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Student Success

Environmental Sciences Students Gain Diverse Career Insights

With recommendations from alumni and professionals, the students recently learned how to successfully navigate the hiring process and other aspects of pursuing a career in the field of environmental sciences.

The copper wolves at Wolf Plaza near Talley on main campus - Environmental Sciences Students Gain Diverse Career Insights - College of Natural Resources at NC State University
The copper wolves at Wolf Plaza near Talley on main campus. Photo by Marc Hall

Eli Typhina, a lecturer in the Department of Forestry Environmental Resources, recently utilized a $500 grant from the College of Natural Resources’ Community for Diversity Fund to support the production of career development videos for first-year students enrolled in her ES111: Applications of Environmental Sciences course. 

Typhina recruited a group of four professionals from within the field of environmental sciences to record eight videos that pair directly with course content, with topics ranging from creating communications for diverse audiences and developing research protocols to building relationships with mentors and community members and implementing diverse, equitable, and inclusive research initiatives. 

The professionals featured in the video series include Amelia Fujikawa, a 2016 NC State graduate who recently earned a master’s degree in sustainable development and earth system governance from Utrecht University in the Netherlands; JaNey Carrothers, a 2017 NC State graduate who now works as an environmental training and education program coordinator at Marine Corps Air Station Iwakuni in Japan; John Kamman, founder of Wholesum and a senior consultant at Fíonta in Missoula, Montana; and Megan Kuhl-Stennes, an air policy planner with the Minnesota Pollution Control Agency in St. Paul, Minnesota.

Each video, which lasts between 5-10 minutes, features the professionals discussing their experiences and sharing recommendations on applying course concepts in their careers. During the career development portion of the course, for example, they provide students with insights about the hiring processes at nonprofit organizations and federal agencies; the use of social media to search for jobs and networking opportunities; and the importance of volunteering to secure permanent employment. 

Typhina designed the course curriculum by collaborating with students, faculty and industry partners and incorporating their ideas into activities, course structure and content to ensure relevancy, diversity and merit. With the addition of the video series, she has ultimately furthered her efforts to provide a diverse, equitable and inclusive curriculum by enabling students to hear the successes and challenges of professionals from different fields, sectors, roles and educational backgrounds.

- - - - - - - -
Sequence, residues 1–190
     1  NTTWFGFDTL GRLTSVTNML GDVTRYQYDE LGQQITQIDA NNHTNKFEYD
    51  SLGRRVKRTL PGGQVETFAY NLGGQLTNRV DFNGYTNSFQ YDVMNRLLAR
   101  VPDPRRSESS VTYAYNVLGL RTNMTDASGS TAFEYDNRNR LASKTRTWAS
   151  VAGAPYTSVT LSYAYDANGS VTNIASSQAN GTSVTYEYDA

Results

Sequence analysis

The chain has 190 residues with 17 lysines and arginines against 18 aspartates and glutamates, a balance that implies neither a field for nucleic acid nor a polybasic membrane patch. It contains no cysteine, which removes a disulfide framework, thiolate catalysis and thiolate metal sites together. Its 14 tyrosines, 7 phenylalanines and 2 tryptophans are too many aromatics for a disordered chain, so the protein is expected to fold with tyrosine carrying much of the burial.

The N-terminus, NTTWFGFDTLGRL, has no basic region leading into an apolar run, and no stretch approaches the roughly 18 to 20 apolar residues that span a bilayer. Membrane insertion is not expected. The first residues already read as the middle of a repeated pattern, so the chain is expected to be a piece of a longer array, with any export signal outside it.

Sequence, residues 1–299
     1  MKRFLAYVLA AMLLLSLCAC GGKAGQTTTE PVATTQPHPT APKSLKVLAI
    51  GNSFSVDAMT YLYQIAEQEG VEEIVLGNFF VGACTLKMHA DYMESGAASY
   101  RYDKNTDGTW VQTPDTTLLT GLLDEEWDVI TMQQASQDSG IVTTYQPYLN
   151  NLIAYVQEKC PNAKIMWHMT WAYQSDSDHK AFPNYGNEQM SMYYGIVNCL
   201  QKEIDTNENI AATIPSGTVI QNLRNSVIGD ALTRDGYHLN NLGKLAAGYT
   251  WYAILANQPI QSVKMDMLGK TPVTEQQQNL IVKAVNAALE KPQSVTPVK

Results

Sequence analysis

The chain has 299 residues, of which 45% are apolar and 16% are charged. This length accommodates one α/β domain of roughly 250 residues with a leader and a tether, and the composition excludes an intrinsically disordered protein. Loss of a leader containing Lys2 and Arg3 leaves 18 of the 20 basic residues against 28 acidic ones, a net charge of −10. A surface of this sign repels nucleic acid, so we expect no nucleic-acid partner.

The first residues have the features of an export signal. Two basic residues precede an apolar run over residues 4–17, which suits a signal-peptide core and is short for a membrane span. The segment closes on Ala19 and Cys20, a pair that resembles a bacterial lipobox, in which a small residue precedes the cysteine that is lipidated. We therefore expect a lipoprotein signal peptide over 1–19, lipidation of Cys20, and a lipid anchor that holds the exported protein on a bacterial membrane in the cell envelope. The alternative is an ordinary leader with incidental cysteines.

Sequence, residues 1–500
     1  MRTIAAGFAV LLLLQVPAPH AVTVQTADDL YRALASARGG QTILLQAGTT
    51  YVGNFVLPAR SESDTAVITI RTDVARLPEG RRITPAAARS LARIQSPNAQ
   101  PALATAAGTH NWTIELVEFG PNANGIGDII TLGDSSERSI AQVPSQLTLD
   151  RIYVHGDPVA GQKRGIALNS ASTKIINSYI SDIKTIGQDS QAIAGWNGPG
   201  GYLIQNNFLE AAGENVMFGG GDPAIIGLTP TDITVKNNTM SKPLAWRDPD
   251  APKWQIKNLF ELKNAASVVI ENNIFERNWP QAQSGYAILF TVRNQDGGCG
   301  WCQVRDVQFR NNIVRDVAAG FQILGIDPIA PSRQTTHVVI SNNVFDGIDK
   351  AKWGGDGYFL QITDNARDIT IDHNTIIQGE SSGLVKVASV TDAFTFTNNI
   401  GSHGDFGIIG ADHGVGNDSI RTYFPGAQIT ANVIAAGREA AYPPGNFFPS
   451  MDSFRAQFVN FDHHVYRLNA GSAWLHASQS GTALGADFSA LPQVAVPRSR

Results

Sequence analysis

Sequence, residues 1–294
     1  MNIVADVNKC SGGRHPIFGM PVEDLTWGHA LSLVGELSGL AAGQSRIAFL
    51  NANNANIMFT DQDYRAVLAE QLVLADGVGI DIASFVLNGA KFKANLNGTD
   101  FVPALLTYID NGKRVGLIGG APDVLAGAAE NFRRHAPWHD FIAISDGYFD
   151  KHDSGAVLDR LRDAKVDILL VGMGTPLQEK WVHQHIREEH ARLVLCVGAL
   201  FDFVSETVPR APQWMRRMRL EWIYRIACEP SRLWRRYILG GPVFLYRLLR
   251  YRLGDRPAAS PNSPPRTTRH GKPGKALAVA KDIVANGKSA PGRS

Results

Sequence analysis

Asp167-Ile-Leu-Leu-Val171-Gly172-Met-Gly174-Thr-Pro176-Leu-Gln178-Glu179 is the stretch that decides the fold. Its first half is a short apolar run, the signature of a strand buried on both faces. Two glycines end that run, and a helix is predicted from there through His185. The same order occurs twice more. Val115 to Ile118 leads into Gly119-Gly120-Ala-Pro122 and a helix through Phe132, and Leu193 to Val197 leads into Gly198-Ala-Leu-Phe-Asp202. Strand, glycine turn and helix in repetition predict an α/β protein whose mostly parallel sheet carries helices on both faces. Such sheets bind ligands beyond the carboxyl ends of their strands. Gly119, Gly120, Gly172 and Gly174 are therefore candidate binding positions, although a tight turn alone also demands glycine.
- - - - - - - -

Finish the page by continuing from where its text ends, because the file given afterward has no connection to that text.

From left to right: Megan Kuhl, JaNey Carrothers, Amelia Fujikawa, John Kamman.

David Aguayo, who recently completed the course, said the videos provided him with real expectations and insights to a career in environmental sciences, while also helping him to understand the multiple paths available to him. Hannah Miller, another former student, explained that the professionals’ stories showed her the importance of compassion and considering different perspectives to ensure the success of environmental decision-making.

With the grant, Typhina also collaborated with Kwinn Doran, an associate professor of history at Shaw University in North Carolina, to record a 15-minute video focusing on the involvement of environmental scientists in the case of the Warren County PCB Landfill. The case, which is widely recognized for initiating the environmental justice movement, revolves around the 1982 protest of a small, predominantly Black community against the placement of a hazardous waste landfill in Warren County, North Carolina. 

In his video, Doran not only provides historical context about the Warren County PCB Landfill case but also offers guidance on how students can utilize their own interests to address environmental injustices, while providing examples of how he leverages his passion for history to contribute to environmental justice. 

Aren Koraian, who completed the course this spring, said Doran’s video and the course activities showed him the means by which an environmental scientist can bridge the communication gap between minorities and marginalized communities to figures of authority in environmental decision-making.

For faculty interested in creating similar videos for their courses, Typhina recommended scheduling plenty of time and offering honorariums. She explained that for each video, she spent up to 10 hours recruiting, coordinating honorarium paperwork, interviewing, and drafting scripts. Each professional spent about five hours processing honorarium paperwork, participating in a recorded interview, and recording the videos.